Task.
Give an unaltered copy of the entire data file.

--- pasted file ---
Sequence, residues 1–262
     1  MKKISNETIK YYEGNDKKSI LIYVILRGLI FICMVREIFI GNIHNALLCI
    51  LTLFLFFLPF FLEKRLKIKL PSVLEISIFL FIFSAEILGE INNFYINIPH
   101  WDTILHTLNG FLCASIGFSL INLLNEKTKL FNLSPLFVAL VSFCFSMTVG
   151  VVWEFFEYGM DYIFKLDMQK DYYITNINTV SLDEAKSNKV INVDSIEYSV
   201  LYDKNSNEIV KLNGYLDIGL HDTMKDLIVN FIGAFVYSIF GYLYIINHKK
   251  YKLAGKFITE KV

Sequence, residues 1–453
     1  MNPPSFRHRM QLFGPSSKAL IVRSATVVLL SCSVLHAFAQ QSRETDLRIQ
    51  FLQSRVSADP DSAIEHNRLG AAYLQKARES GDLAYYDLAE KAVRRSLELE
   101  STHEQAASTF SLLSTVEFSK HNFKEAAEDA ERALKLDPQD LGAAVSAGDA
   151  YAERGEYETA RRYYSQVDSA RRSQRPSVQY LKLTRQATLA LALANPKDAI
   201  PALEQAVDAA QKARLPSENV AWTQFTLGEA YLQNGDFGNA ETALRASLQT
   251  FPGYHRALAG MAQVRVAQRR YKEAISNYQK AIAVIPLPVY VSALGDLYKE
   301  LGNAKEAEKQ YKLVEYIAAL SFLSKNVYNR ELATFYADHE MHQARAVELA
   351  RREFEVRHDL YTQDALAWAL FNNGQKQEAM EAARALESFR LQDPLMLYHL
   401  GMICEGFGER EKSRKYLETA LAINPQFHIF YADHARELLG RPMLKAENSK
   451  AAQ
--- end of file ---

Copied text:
Sequence, residues 1–262
     1  MKKISNETIK YYEGNDKKSI LIYVILRGLI FICMVREIFI GNIHNALLCI
    51  LTLFLFFLPF FLEKRLKIKL PSVLEISIFL FIFSAEILGE INNFYINIPH
   101  WDTILHTLNG FLCASIGFSL INLLNEKTKL FNLSPLFVAL VSFCFSMTVG
   151  VVWEFFEYGM DYIFKLDMQK DYYITNINTV SLDEAKSNKV INVDSIEYSV
   201  LYDKNSNEIV KLNGYLDIGL HDTMKDLIVN FIGAFVYSIF GYLYIINHKK
   251  YKLAGKFITE KV

Sequence, residues 1–453
     1  MNPPSFRHRM QLFGPSSKAL IVRSATVVLL SCSVLHAFAQ QSRETDLRIQ
    51  FLQSRVSADP DSAIEHNRLG AAYLQKARES GDLAYYDLAE KAVRRSLELE
   101  STHEQAASTF SLLSTVEFSK HNFKEAAEDA ERALKLDPQD LGAAVSAGDA
   151  YAERGEYETA RRYYSQVDSA RRSQRPSVQY LKLTRQATLA LALANPKDAI
   201  PALEQAVDAA QKARLPSENV AWTQFTLGEA YLQNGDFGNA ETALRASLQT
   251  FPGYHRALAG MAQVRVAQRR YKEAISNYQK AIAVIPLPVY VSALGDLYKE
   301  LGNAKEAEKQ YKLVEYIAAL SFLSKNVYNR ELATFYADHE MHQARAVELA
   351  RREFEVRHDL YTQDALAWAL FNNGQKQEAM EAARALESFR LQDPLMLYHL
   401  GMICEGFGER EKSRKYLETA LAINPQFHIF YADHARELLG RPMLKAENSK
   451  AAQ